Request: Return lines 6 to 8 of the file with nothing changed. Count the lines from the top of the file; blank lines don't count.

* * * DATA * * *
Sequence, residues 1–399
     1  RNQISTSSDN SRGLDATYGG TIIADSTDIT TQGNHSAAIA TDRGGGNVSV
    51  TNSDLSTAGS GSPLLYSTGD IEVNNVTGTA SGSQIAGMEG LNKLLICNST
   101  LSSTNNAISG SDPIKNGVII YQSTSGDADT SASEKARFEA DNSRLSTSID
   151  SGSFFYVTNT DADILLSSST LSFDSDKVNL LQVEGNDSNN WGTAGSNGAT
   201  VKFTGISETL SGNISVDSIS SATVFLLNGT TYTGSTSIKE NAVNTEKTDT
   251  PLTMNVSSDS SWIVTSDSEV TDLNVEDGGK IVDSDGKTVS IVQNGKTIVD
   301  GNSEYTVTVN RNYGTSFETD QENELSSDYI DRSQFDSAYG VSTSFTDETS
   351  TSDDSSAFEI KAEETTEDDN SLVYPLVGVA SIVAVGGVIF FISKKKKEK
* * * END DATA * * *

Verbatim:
   201  VKFTGISETL SGNISVDSIS SATVFLLNGT TYTGSTSIKE NAVNTEKTDT
   251  PLTMNVSSDS SWIVTSDSEV TDLNVEDGGK IVDSDGKTVS IVQNGKTIVD
   301  GNSEYTVTVN RNYGTSFETD QENELSSDYI DRSQFDSAYG VSTSFTDETS